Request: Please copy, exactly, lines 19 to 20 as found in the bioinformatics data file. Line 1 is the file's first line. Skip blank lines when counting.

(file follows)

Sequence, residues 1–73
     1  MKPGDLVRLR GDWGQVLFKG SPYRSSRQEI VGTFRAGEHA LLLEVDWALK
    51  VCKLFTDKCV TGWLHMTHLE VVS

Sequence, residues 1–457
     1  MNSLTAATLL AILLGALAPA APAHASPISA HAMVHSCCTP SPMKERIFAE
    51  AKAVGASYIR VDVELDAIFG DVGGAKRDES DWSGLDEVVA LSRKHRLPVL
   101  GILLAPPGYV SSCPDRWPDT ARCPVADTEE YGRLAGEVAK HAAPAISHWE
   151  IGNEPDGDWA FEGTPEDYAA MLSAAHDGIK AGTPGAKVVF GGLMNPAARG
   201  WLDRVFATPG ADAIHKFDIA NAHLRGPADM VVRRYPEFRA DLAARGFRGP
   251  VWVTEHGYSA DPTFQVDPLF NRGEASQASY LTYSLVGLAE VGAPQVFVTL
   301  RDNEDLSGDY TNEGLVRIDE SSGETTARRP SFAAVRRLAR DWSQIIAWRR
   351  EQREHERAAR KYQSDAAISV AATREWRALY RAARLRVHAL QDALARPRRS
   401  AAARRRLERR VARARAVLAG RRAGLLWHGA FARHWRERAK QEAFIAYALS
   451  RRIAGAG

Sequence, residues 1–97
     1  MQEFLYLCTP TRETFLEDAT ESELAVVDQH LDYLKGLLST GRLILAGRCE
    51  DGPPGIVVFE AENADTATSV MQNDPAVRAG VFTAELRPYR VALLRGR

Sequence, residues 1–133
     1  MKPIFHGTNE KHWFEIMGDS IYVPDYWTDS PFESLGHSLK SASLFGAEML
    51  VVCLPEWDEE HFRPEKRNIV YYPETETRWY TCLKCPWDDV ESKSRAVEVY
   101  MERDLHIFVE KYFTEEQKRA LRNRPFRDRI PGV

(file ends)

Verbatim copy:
     1  MKPIFHGTNE KHWFEIMGDS IYVPDYWTDS PFESLGHSLK SASLFGAEML
    51  VVCLPEWDEE HFRPEKRNIV YYPETETRWY TCLKCPWDDV ESKSRAVEVY